Noting that he, too, was not a senior, Wayne Hannah said that on the matter of crime, he would undertake a total manpower assessment and assign deputies where they were most needed. Hannah said the more deputies on the road the better, citing increased visibility as a deterrent to crime.

Barry Babb began his response saying that he is ready to go for two more decades, then switching to his response on the burglary question to say he would re-allocate resources to put more officers on the street and increase productivity. Babb also proposed a north precinct and a crime suppression unit designed to specialize in any type criminal activity that might arise.

Another two-part question for sheriff’s candidates asked about the seriousness of a gang problem and whether Sheriff Johnson was correct that crimes in Fayette County were not so bad. Mindar made reference to the recent report of the “Kosovo gang” from Peachtree City saying, “the perception before was that there were no gangs, but now it is a problem.” Mindar added that he disagrees with Johnson that crime is not so bad.

Hannah took a different view, saying there are no indications of organized gangs in the county, including in schools. Hannah added that criminal activity is being addressed when it occurs. On the question of whether he agreed with Johnson about the level of crime in the county, Hannah offered no response.

Referencing gang activity, Babb spoke about a gang shooting in 1994 in Clayton County and the recent break-in at Autrey’s Armory in Fayetteville. He said that kind of activity is something he is prepared to deal with. And in response to whether he agreed with Johnson, Babb said he did not, noting that he did not always agree with his wife either.

Simmons on the same questions said he had noticed gang activity forming during the past two years and that such activity had occurred as far back as 1999 and even 1994.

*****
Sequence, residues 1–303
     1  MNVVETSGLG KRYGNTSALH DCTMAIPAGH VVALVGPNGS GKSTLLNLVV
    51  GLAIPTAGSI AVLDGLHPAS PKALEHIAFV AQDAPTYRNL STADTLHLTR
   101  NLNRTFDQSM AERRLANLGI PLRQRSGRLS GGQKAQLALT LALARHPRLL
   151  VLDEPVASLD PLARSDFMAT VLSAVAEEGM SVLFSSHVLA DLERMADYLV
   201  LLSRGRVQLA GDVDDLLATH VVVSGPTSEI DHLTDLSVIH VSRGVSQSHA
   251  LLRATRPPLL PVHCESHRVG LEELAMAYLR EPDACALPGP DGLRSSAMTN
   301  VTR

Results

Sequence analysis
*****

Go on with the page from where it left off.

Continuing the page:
“Whether gangs or wannabes, gangs exist all across this country and in every major metro area in Georgia,” Simmons said.

Sheriff’s candidates were also asked what they saw as Fayette’s number-one crime issue and how they would want from the district attorney’s office. Babb said the answer is property crimes of all types, including copper thefts and burglaries.

Hannah said the number-one crimes were burglaries and thefts. Those are crimes partially reflected the state of the current economy, adding that many of those crimes were directly tied to drug use, he said.

Mindar’s response to the number-one crime was contained in one word: drugs.

Simmons view on the number-one crime in Fayette are burglaries, both residential and commercial, with copper thefts accounting for a significant portion of those crimes.

Each of the candidates said they wanted a district attorney that was an aggressive prosecutor.

Candidates for probate judge Thursday night fielded fewer, but nonetheless significant, questions. One of those questions went to the matter of whether some temporary guardianships are being sought to allow out-of-county children to attend Fayette schools. Jackson said she was aware of the problem, adding that while sufficient documentation is required, she would require strong proof of residency and proof that the child actually resides with the person claiming to be the guardian.

In his response, Kiser also said he would strictly enforce proof of residency, adding that the vast majority of those wanting temporary guardianship involve children with special needs.